PPA deputy chief: Useful exercise in civilian-military cooperation
Egert Belitšev, PPA deputy director general and chief of the border guard, said that the exercise provides a valuable experience for border protection and the cooperation between civilian and military authorities.
Belitšev said: "Only through real action will we know what the joint ability of the EDF and the PPA to set temporary barriers on the border is and what logistical support and human resources are needed to do so.
"At present, migration pressure has not increased in Estonia, but should it change, the rapid installation of temporary barriers will be an important component in preventing mass illegal immigration and in the entire border protection operation," Belitsev went on.
PPA maps up to 10 at-risk border sections
The PPA has mapped around 10 sections, where up to 40km of barriers can be erected with the help of reservists and the 120 kilometers of razor wire provided by the EDF.
One such mapped section is in Narva, the rest lies along the land border in southeastern Estonia.
Construction will start on the highest priority sections, those with the highest risk of illegal border crossings.
As the work takes place in border zones, where movement takes place according to specific rules, reservists and defense league members alike are accompanied by PPA border guards.
More PPA and EDF activity in border areas than usual, flight restrictions apply
EDF equipment will be moving on the roads near the border until November 25, BNS reports.
Members of the public should also account for higher numbers of PPA and EDF/Defense League personnel on the move in these areas than would normally be the case.
As reported by ERR News, flight restrictions will also apply to the eastern border, both for manned and unmanned aircraft.
Exercise Okas takes place each year in autumn, and reservists – former EDF conscripts whose names remain on reservist lists after finishing their term – are called up at short notice.
No NATO allies are currently reported as directly taking part in the exercise, though Britain's defense minister Ben Wallace has pledged around 150 Royal Engineers to help out on the Poland-Belarus border, and added that the contingent could potentially help out in the Baltic States where needed.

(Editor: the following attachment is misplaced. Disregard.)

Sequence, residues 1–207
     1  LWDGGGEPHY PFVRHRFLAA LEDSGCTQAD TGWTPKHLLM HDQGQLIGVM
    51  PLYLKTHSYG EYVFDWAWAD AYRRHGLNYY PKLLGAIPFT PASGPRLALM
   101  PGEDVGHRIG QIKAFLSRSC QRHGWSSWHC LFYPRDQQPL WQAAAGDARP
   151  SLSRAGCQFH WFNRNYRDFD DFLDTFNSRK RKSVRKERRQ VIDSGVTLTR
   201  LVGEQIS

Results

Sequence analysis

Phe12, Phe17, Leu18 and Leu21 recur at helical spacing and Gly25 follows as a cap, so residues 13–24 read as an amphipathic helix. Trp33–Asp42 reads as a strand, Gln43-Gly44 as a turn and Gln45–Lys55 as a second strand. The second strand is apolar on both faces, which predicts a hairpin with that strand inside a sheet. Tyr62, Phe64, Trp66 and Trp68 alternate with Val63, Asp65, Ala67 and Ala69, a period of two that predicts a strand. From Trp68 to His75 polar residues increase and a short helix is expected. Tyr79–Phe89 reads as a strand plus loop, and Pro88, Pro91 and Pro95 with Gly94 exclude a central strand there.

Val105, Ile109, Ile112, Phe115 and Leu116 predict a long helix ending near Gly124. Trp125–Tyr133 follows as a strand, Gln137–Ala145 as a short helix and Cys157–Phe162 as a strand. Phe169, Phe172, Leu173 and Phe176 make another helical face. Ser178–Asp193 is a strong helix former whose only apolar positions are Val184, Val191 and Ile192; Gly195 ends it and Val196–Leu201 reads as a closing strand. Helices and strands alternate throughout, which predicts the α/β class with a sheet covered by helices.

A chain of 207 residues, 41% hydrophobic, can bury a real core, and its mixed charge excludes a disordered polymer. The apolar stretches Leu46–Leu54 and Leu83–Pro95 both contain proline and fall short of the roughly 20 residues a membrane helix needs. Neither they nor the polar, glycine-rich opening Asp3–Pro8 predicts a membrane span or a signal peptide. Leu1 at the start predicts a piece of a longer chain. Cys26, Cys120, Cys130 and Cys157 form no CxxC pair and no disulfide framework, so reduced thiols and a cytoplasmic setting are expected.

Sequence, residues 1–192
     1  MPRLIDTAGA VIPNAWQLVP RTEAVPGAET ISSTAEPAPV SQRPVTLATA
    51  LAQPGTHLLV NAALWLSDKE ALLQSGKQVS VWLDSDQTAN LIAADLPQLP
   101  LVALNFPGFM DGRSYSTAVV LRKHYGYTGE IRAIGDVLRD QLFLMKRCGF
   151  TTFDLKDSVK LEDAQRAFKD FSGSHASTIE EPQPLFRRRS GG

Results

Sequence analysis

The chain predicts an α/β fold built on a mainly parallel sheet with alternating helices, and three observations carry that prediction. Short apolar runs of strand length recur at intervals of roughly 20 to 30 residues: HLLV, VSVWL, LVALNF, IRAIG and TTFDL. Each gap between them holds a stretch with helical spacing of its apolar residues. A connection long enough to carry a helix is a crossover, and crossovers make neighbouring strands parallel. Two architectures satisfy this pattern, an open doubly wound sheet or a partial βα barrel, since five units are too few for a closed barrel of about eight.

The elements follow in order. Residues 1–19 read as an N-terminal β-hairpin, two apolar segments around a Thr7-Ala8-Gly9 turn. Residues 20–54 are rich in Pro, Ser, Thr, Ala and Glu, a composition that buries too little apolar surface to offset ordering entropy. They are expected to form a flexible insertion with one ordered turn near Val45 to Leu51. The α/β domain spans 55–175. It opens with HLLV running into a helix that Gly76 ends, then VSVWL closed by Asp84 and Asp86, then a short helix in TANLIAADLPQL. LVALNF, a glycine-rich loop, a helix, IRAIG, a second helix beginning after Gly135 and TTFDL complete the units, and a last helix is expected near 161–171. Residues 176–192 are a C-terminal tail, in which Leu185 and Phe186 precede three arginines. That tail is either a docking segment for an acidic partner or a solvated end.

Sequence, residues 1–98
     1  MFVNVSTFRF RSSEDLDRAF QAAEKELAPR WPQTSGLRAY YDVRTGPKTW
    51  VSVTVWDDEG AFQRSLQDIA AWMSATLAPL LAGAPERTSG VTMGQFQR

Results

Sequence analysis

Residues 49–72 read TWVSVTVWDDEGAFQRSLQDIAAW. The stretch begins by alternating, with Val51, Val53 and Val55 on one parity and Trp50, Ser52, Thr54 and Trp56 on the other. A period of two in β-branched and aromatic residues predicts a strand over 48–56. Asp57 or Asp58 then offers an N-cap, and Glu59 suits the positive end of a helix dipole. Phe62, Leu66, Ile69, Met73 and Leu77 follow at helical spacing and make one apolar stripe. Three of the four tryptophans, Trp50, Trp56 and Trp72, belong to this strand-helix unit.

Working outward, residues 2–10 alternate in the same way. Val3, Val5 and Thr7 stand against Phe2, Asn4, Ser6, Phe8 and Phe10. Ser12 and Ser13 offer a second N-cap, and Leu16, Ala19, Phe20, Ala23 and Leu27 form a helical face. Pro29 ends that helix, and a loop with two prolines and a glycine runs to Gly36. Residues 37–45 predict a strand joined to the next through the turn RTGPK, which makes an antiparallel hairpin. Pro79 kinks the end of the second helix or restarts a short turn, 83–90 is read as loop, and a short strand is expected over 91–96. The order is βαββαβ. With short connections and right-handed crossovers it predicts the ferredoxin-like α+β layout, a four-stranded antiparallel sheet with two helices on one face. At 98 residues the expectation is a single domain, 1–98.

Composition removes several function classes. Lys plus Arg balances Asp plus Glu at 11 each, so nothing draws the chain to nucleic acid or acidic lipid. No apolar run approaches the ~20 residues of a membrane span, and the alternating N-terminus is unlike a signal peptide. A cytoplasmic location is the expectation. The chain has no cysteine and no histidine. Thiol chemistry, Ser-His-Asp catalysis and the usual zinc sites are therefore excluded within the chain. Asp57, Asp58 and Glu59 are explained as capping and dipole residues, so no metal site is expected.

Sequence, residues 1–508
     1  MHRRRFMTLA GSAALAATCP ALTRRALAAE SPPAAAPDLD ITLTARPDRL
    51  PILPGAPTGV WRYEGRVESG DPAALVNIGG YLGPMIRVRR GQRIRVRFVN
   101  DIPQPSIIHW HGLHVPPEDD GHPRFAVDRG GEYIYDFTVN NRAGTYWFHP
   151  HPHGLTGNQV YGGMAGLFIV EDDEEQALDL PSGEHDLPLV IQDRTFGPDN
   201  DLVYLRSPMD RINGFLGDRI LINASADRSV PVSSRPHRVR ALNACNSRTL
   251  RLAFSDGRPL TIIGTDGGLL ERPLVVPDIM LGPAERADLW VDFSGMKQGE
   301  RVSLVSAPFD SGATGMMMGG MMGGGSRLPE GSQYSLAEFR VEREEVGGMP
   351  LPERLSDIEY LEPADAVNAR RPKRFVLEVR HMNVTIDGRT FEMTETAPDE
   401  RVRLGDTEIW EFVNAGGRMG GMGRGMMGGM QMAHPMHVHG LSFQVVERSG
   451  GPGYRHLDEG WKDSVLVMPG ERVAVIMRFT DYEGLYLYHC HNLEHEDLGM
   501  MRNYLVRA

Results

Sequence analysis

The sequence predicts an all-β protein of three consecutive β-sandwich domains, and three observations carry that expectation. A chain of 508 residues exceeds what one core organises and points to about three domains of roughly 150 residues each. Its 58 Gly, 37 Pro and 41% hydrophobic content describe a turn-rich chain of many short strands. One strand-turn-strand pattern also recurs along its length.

Estonia, unlike Latvia and Lithuania, does not share a border with Belarus, but a European Commission leak reported by German daily Die Welt just over a week ago suggested that Pskov airport – around 30km from Estonia's border – could be opened up to flights from Iraq and other middle-eastern countries in the same way that Minsk's has.
The wholesale human trafficking of vulnerable individuals from Iraq and other countries by Belarusian dictator Alexander Lukashenko has been roundly condemned by Estonia's leadership, and in the west as a whole, as a cynical form of hybrid warfare and a humanitarian abuse. Individuals have reportedly been paying thousands of dollars to board flights from Iraq to Minsk, ferried by Lukashenko's security forces from there to its western borders with the EU, and goaded into crossing.
Most recently, the thousands of people attempting to cross the border into Poland have been repelled via the use of force, while the fast-approaching winter is aggravating concerns for the migrants' welfare.
This article was updated to include information on work done on Estonia's southeastern border, and quotes from Egert Belitšev, Urmas Elmi and Vallo Koppel, and to include the two galleries of photos.
Editor: Andrew Whyte